Carper also said the CIA found that bad actors were attempting to manipulate election outcomes in other countries.
Johnson hosted a conference call Monday with the National Association of Secretaries of State, offering assistance from his department as well as from the Justice Department and the Commerce Department’s National Institute for Standards and Technology (NIST).
In a readout of the call, homeland security officials said:
While DHS is not aware of any specific or credible cybersecurity threats relating to the upcoming general election systems, Secretary Johnson reiterated that DHS, the Election Assistance Commission, NIST, and DOJ are available to offer support and assistance in protecting against cyberattacks.
Johnson told the state election officials that homeland security officials would consider designating voting machines as “critical infrastructure,” a national protection category given to 16 sectors including energy, emergency services, and food supply that the nation depends on to function. The readout added:
As part of the ongoing effort, the secretary also announced that DHS is convening a Voting Infrastructure Cybersecurity Action Campaign with experts from all levels of government and the private sector to raise awareness of cybersecurity risks potentially affecting voting infrastructure and promote the security and resilience of the electoral process.
In a statement Aug. 5, the National Association of Secretaries of State insisted a major hacking effort is extremely unlikely, but that officials should make other efforts to protect the aging electronic machines.
“A national hacking of the election is highly improbable due to our unique, decentralized process,” a statement by the association said. “Each state and locality conducts its own system of voting, complete with standards and security requirements for equipment and software. Most states publicly conduct logic and accuracy testing of their machines prior to the election to ensure that they are working and tabulating properly, then they are sealed until Election Day to prevent tampering. Furthermore, electronic voting machines are not internet-based and do not connect to each other online.”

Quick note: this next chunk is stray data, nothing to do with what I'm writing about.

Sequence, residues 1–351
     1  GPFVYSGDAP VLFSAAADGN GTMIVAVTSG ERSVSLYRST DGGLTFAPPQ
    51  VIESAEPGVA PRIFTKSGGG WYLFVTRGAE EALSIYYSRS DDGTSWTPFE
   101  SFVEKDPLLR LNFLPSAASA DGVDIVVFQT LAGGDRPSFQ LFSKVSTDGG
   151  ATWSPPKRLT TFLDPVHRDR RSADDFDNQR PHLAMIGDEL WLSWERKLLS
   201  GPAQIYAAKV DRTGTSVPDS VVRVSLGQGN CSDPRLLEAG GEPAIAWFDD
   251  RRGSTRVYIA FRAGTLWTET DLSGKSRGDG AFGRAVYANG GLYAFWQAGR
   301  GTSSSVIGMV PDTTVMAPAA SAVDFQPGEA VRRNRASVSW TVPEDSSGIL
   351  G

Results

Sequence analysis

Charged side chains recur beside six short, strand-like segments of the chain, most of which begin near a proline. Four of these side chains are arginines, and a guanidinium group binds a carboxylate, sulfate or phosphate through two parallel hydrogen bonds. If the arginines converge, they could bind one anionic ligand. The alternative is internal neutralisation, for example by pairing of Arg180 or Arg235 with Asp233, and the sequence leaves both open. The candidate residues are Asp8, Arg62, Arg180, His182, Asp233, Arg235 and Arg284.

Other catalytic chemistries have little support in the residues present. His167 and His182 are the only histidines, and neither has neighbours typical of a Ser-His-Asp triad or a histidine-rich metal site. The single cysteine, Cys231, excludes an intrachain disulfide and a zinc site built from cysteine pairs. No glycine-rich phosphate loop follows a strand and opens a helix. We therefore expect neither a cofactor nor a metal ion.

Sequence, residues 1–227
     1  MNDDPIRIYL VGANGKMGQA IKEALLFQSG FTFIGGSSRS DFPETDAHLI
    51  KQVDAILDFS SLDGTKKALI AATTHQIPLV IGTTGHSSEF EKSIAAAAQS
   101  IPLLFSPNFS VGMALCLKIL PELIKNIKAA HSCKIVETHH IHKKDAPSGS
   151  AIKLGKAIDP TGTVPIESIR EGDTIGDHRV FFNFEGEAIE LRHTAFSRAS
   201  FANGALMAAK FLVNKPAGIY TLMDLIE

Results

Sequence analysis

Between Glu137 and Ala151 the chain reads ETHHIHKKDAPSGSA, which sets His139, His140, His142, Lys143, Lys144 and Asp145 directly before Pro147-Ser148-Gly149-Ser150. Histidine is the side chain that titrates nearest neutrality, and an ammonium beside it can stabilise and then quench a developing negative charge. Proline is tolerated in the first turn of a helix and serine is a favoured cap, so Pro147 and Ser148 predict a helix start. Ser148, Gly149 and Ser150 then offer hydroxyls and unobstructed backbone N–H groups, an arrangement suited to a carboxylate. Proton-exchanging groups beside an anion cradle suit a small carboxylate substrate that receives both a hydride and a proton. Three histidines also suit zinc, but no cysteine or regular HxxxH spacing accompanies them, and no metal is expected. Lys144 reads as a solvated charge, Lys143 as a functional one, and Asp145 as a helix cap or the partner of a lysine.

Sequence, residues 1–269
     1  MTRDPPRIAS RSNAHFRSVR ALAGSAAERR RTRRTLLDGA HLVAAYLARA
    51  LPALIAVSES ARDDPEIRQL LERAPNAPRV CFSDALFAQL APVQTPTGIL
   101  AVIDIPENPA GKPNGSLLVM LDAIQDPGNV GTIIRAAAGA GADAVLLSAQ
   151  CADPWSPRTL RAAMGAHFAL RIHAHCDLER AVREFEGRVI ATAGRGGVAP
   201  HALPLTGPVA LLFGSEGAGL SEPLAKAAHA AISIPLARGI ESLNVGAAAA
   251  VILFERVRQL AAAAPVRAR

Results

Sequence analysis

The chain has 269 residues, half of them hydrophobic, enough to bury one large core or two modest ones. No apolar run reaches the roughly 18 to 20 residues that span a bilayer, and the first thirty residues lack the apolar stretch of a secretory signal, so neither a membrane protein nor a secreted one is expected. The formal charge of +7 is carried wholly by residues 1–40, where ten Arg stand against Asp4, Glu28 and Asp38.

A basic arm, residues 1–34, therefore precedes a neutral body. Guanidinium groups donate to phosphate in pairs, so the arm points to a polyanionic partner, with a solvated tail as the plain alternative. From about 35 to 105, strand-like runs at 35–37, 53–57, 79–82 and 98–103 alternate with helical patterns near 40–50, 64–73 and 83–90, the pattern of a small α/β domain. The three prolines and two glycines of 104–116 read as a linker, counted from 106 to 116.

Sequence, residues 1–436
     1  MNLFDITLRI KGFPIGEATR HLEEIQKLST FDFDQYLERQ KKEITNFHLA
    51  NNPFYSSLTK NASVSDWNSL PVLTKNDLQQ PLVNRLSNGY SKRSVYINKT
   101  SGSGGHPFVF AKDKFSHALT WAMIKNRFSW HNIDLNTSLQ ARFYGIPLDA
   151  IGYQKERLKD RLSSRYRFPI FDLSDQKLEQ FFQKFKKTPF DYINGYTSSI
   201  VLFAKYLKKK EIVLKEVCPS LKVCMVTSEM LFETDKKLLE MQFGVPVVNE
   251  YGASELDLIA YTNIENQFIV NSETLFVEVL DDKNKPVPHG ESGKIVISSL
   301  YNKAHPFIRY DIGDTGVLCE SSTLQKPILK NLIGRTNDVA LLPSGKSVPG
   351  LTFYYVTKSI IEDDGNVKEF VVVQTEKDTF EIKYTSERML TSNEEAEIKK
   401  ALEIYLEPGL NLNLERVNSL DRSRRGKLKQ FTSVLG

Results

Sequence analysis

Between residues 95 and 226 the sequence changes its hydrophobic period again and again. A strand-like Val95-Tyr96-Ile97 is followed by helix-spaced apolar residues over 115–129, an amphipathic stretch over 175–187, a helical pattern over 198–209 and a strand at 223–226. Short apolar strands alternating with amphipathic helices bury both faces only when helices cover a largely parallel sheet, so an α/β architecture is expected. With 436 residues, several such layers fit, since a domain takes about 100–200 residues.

Still, voices on both the right and the left raised concerns.
The conservative editorial board of Investor’s Business Daily called hacking “a very realistic concern, one that has been raised for years, and if it were to happen, it could have a huge impact, since around 4 in 10 voters will be casting ballots using electronic voting machines this year.”
The editorial added: “The real risk isn’t that Russians or some other foreign government will hack our elections. It’s that homegrown partisan hackers will do so to affect the results in key districts or states.”
Changing results isn’t the only goal for a cyberattack, Lawrence Norden, deputy director of the democracy program at the left-leaning Brennan Center for Justice, wrote in an op-ed for NBC News:
The threats to the integrity of our elections go beyond potential hacks to change the vote count on polling place machines. Attackers could attempt a ‘denial of service’ attack, where machines simply crash more often. In those cases, voters could be forced to wait in line for hours while technicians work to fix machines or replace them. Many would give up and never vote. Alternatively, the systems could be attacked after voting is complete, when results from individual machines are tallied at a central location.